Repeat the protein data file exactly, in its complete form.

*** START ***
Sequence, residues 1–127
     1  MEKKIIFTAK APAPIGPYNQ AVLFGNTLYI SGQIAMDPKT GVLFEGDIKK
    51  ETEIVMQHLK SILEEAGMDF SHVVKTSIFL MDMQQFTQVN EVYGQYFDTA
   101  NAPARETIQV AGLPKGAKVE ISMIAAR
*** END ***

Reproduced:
Sequence, residues 1–127
     1  MEKKIIFTAK APAPIGPYNQ AVLFGNTLYI SGQIAMDPKT GVLFEGDIKK
    51  ETEIVMQHLK SILEEAGMDF SHVVKTSIFL MDMQQFTQVN EVYGQYFDTA
   101  NAPARETIQV AGLPKGAKVE ISMIAAR